ABN AMRO views corporate governance as the way it conducts relations between shareholders, Supervisory Board, Managing Board and employees. The Dutch model of corporate governance is characterised by a two-tier system, comprising one body composed solely of non-executive directors (the Supervisory Board) and one body composed solely of management (the Managing Board).
The distribution of rights and responsibilities among different participants in a company, in particular shareholders, the Executive Board, the Supervisory Board.
The relationship between the sponsors, board of directors and the management of an organization which ensures that management carries out its responsibilities in a lawful and compliant manner at all times.
The structure through which the objectives of an organization are set, the means of attaining those objectives are provided, determines performance monitoring guidelines, and encouraging to use resources efficiently.
The role of the board of directors and the performance of top management.
Structures and processes that the Dairy Adjustment Authority has in place to ensure compliance with statutory and other obligations.
the ability of institutional and individual shareowners to better govern corporations, enhancing both corporate accountability and the creation of wealth. Shareholder proxy voting rights are subject to the same fiduciary standards as other plan assets. Key institutional investors are shifting from trading to owning. In Nell Minow's words, "boards of directors are like subatomic particles--they behave differently when they are observed." For corporate governance and related subjects, click here.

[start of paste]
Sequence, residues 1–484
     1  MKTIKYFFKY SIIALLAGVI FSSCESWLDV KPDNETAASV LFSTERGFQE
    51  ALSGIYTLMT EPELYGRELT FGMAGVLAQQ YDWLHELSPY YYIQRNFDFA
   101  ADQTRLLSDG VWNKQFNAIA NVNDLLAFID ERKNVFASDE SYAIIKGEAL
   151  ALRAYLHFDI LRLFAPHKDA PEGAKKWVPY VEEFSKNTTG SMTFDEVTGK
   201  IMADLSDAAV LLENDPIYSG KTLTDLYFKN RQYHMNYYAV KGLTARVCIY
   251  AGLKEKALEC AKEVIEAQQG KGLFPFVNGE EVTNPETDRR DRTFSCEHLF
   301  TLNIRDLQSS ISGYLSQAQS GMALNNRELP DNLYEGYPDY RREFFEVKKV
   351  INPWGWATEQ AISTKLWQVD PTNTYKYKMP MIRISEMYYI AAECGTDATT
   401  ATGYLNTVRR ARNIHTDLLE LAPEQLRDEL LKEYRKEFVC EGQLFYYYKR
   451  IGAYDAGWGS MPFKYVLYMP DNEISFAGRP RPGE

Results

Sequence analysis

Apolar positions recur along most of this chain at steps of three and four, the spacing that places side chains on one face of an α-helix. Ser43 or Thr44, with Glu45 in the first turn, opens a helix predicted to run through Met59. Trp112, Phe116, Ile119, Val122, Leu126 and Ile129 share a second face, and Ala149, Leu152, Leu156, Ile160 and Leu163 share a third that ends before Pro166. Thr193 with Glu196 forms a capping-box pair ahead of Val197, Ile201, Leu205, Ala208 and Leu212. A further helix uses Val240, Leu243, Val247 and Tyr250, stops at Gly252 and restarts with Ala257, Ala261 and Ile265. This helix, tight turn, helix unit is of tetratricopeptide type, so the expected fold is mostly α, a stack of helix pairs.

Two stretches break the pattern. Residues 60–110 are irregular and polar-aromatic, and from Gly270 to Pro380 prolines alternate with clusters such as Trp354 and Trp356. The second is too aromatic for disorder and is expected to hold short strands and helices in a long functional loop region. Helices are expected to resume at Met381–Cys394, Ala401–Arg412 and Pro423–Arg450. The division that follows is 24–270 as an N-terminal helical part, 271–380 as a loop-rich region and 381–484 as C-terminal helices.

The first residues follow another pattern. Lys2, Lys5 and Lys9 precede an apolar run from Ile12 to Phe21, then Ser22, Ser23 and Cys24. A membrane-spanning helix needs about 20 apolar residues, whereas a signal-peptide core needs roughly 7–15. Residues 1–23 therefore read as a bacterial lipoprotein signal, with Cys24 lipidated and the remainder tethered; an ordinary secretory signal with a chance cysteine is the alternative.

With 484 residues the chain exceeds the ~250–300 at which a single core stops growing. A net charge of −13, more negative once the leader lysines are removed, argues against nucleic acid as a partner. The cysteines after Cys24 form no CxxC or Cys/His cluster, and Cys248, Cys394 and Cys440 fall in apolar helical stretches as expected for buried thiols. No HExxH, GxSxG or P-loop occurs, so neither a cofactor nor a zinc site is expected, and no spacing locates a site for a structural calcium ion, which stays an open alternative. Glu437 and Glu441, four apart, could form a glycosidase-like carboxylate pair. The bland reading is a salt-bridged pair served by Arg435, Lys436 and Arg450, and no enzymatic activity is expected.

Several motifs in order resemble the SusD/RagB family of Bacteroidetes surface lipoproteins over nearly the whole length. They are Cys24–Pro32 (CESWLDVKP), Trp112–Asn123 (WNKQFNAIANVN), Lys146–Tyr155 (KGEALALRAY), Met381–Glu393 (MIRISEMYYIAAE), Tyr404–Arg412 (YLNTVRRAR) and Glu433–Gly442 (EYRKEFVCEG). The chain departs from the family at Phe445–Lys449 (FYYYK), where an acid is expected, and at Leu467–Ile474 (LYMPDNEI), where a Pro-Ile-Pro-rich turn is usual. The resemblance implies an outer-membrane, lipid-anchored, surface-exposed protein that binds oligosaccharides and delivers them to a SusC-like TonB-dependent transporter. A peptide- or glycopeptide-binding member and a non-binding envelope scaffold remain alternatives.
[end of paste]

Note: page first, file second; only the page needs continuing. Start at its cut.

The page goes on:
Generally recognized and increasingly internationally observed standards of conduct for the responsible management and monitoring of a company targeted at adding value.
"The act of thinking and acting strategically by setting the parameters and establishing the values within which an organisation's executive body and all staff are free to act. It includes: adherence to external regulations, codes of best practice an accounting standards and the creation of an environment within which internal management control systems and audit may operate effectively." Governance Processes for Public Services (Tomkins et al, CIMA, 1998)"Corporate governance is the system by which companies are directed and controlled." Cadbury Report, para 2.5
Defining and implementing a system of rules, processes procedures and relationships to manage the organisation and fulfill its legal, financial and ethical obligations.
Corporate governance is the increasingly important principle that shareholders should take more than just a simple financial interest in their shareholdings. The rise of the institutional shareholder, especially the pension fund shareholder, has meant that the balance of power between shareholder and management has swung in favour of shareholders. Corporate governance principles are now often expressed in customer agreements, so that investment managers are required to consider shareholders' votes (called “proxy votes”) when they can.